This is a strange film — not very much happens. Chilean director Pablo Larraín is more interested in creating a single, sustained mood of unbearable tension, with the princess spending the entire weekend stretched to her breaking point. You’d never guess that the same filmmaker made the dance movie Ema this past summer, although this movie does have a dance interlude as well. His camera prowls the halls of Sandringham (which is portrayed by a couple of castles in Germany) while French cinematographer Claire Mathon (who did such great work in Portrait of a Lady on Fire) cloaks everything in a nostalgic, gauzy glow.
Don’t be fooled: This is an anti-nostalgia piece, because Diana is in hell. That security chief informs her that she undressed with her bedroom curtains open, lectures her on the paparazzi’s prying eyes, and has those curtains sewn together. There’s no room for spontaneity in this suffocating place, and the princess’ suffering takes on the feel of ritualistic abuse. Even more harrowing than the household spies are Diana’s fantasies of self-harm, where she hurls herself down the stairs or breaks her pearl necklace at dinner and chokes down the pearls with her pea soup. The only time she ever allows herself to loosen up is when she’s playing a game with her sons (Jack Nielen and Freddie Spry). One of the film’s few bits of humor comes when Diana, wearing all her finery for Christmas dinner, tells the dresser, “Leave me. I wish to masturbate.”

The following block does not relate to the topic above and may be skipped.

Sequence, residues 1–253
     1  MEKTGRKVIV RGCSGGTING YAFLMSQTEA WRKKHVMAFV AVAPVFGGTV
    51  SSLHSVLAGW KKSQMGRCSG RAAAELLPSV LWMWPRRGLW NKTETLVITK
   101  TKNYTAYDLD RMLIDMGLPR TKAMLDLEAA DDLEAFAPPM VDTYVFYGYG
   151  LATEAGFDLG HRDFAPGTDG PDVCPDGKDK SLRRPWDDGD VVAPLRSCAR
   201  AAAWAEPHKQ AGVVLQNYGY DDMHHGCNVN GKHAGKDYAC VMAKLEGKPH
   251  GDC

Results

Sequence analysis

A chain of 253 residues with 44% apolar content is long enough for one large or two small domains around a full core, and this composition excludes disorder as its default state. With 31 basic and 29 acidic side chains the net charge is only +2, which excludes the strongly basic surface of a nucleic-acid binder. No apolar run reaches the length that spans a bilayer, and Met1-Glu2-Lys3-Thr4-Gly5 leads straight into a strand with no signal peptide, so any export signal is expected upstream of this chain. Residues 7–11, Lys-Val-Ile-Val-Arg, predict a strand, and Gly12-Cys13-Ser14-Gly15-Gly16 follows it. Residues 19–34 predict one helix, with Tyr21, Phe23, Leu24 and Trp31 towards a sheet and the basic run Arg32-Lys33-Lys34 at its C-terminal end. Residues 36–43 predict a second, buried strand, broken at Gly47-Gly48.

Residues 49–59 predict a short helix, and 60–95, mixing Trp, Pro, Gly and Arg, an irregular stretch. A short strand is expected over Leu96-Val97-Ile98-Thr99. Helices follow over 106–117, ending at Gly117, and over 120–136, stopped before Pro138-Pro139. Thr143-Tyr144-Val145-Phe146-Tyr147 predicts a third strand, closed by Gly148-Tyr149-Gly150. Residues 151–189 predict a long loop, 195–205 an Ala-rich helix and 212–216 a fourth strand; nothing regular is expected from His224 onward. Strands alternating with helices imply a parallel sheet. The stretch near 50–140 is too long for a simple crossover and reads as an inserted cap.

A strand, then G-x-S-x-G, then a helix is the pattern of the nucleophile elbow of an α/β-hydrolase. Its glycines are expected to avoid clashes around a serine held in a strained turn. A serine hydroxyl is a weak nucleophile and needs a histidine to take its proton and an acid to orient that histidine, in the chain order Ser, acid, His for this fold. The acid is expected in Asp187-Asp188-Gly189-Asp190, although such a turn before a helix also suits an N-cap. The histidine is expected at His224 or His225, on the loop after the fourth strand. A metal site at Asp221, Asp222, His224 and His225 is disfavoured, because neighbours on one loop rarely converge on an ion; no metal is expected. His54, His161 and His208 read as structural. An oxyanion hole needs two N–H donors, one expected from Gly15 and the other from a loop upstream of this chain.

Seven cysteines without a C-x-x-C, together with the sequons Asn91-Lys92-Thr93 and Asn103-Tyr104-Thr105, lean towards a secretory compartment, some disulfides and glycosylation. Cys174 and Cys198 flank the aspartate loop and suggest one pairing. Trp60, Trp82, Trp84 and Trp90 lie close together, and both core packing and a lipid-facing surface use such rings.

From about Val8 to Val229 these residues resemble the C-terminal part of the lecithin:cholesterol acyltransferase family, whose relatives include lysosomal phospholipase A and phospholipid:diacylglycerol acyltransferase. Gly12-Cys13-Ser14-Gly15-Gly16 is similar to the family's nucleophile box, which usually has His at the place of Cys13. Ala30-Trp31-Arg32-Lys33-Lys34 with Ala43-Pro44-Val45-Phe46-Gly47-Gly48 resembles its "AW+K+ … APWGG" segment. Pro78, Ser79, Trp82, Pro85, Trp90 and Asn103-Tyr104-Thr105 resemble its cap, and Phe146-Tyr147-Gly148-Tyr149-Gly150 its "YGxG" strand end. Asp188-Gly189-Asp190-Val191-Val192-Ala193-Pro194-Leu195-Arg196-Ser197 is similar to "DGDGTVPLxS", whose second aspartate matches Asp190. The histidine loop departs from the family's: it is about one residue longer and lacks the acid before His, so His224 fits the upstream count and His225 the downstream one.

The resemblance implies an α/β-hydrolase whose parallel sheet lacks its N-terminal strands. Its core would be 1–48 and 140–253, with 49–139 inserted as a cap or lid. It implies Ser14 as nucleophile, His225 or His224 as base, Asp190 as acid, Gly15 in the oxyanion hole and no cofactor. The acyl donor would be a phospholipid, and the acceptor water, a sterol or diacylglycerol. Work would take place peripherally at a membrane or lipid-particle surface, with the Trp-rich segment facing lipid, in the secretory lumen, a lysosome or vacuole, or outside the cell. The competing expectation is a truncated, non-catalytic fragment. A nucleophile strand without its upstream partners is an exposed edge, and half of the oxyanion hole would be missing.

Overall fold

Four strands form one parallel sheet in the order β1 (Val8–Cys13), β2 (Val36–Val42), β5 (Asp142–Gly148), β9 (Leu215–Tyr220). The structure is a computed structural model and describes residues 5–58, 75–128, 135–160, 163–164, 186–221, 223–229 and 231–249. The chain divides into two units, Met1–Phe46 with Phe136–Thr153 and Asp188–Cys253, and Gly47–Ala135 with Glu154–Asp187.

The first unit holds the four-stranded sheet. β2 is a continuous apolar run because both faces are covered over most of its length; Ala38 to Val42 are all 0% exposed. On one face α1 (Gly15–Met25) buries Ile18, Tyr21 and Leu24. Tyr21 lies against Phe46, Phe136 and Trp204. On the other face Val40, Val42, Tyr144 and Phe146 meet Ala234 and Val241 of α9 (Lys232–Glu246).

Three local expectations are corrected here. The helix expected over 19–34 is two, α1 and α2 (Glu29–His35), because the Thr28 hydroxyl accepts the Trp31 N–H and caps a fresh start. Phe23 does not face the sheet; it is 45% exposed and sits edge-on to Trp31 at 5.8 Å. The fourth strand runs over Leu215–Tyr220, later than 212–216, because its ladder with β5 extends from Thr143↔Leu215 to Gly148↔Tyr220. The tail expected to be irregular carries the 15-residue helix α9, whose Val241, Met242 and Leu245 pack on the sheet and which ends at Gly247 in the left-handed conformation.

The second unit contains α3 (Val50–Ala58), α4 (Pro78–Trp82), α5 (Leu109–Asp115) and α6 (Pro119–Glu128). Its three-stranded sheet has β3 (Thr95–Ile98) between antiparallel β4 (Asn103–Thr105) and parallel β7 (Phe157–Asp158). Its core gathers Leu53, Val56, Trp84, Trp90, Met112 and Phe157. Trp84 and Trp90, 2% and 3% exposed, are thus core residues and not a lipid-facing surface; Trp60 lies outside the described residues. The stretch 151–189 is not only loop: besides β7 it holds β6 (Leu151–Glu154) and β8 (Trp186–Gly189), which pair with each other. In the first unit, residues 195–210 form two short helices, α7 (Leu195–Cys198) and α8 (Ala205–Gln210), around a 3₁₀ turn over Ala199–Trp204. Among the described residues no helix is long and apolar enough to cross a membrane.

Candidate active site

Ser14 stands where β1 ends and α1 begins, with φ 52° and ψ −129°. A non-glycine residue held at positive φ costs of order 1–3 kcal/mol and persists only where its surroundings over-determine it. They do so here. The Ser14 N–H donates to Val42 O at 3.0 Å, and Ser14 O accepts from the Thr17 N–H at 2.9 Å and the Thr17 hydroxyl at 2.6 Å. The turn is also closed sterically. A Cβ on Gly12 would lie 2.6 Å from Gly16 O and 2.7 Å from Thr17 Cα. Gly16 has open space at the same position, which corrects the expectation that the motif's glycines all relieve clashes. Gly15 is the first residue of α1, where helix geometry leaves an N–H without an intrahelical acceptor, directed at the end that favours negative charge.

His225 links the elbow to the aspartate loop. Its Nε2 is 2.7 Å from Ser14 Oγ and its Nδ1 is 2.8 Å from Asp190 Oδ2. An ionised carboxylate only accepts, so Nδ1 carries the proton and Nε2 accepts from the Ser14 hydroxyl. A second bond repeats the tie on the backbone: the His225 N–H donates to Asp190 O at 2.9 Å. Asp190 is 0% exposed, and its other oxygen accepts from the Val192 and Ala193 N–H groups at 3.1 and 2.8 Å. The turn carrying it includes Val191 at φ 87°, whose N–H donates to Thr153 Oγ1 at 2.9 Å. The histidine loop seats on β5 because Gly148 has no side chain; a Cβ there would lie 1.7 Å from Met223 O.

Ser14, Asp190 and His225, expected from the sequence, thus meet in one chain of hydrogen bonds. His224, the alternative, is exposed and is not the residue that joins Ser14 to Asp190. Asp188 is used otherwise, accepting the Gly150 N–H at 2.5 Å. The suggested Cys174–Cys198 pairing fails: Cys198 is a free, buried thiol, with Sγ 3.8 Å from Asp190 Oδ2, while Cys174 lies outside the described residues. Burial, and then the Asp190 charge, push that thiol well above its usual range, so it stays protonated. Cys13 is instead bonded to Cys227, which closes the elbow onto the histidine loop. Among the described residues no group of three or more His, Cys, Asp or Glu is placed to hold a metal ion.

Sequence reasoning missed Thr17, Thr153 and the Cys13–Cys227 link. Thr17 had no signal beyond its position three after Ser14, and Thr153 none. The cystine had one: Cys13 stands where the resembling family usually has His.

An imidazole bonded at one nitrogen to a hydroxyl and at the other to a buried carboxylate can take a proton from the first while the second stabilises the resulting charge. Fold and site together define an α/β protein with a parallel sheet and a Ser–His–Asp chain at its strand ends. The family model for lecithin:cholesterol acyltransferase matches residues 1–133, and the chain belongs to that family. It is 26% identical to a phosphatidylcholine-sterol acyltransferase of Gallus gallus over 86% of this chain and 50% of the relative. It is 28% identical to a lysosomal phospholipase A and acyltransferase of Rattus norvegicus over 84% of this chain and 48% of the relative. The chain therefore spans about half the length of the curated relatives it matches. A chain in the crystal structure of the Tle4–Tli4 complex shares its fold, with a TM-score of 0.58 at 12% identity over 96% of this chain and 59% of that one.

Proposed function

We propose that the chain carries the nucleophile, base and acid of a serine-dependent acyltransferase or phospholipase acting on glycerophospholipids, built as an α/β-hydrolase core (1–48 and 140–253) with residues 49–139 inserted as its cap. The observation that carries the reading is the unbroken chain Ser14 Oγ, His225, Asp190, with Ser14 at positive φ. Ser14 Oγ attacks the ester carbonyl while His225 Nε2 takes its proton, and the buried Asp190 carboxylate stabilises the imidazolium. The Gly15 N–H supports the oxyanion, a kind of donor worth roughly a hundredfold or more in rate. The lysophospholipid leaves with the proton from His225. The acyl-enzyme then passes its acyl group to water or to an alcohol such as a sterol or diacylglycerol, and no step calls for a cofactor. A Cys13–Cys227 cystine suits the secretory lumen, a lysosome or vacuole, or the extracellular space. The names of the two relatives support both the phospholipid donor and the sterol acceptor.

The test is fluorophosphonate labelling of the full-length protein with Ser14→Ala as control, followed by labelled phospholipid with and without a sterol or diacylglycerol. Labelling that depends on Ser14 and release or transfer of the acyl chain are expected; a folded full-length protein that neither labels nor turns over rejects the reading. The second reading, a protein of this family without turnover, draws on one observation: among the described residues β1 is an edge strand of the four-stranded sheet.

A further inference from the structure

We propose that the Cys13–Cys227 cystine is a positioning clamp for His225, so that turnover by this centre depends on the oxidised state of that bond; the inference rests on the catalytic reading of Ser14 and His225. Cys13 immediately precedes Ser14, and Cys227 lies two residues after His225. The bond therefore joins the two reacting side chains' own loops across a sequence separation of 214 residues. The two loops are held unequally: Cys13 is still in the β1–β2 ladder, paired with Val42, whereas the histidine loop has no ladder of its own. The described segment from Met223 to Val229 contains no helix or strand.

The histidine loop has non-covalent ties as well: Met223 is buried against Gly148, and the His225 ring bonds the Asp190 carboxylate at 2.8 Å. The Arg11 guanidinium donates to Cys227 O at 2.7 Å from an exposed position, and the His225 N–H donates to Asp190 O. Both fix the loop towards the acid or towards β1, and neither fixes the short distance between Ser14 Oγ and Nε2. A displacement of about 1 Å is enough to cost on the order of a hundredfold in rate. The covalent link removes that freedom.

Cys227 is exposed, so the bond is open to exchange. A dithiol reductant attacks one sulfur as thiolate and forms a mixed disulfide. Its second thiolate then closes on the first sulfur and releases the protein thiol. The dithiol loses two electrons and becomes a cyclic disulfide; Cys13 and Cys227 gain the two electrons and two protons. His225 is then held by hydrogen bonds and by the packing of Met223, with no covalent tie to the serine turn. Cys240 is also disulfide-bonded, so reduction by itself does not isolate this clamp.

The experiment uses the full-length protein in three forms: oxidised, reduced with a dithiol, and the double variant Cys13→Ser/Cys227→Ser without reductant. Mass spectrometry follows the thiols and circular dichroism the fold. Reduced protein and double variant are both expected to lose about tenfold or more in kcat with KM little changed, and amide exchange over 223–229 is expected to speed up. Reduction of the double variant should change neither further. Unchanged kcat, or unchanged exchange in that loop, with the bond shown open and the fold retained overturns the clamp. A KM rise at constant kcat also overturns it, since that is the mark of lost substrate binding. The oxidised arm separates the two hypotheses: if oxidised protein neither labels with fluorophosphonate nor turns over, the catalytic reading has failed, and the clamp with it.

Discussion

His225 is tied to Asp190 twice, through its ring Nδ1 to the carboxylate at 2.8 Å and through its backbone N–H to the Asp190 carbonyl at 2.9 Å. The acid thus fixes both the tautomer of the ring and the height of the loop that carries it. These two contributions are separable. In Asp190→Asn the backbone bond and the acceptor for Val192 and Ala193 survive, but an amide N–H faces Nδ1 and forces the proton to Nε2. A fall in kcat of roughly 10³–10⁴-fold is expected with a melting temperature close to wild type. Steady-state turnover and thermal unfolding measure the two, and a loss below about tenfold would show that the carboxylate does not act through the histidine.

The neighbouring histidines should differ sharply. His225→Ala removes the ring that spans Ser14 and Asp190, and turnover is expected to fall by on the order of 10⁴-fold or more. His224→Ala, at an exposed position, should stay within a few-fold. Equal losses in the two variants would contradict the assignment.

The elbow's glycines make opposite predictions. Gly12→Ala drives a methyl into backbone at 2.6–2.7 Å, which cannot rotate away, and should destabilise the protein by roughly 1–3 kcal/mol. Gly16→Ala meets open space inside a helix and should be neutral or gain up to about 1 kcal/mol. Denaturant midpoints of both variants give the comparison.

Screenwriter Steven Knight has a body of work that swings between terrific (Eastern Promises) and total crap (Seventh Son). I wish he hadn’t indulged in the leaden metaphor related to the pheasants, but he makes up for that with Charles’ catty speech about his wife’s bulimia: “Chickens laid the eggs. Fishermen caught the fish. Bees made the honey. All this effort to bring you breakfast. I’d appreciate if you didn’t regurgitate it into the lavatory bowl.” He’s just as insensitive, though much more insightful, in an argument over a billiard table where he tells Diana, “You have to make your body do things you don’t want to do. There have to be two of you: the real one, and the one they take pictures of. They don’t want us to be real humans.”
Lest you think he gets all the good lines, Diana tells her boys, “There is no future here. Past and present are the same.” Stewart has played these women who are permanently on edge before, and it’s rather wondrous how she manages to make them different from one another. The mourning note of Personal Shopper, the alcoholic haze of Seberg, and the teenage chafing against her parents of Adventureland all give way here to Diana’s posh background and awareness that she’s expected to assume the title of princess the way an actor assumes a role. Spencer allows her a moment of freedom at the end when she pulls the boys out of Sandringham, drives them back to London while singing to the radio (Mike + The Mechanics’ “All I Need Is a Miracle”), pulls into a McDonald’s, and orders chicken sandwiches. Sometimes, the only happiness in the fairy tale is escaping it.
Starring Kristen Stewart. Directed by Pablo Larraín. Written by Steven Knight. Rated R.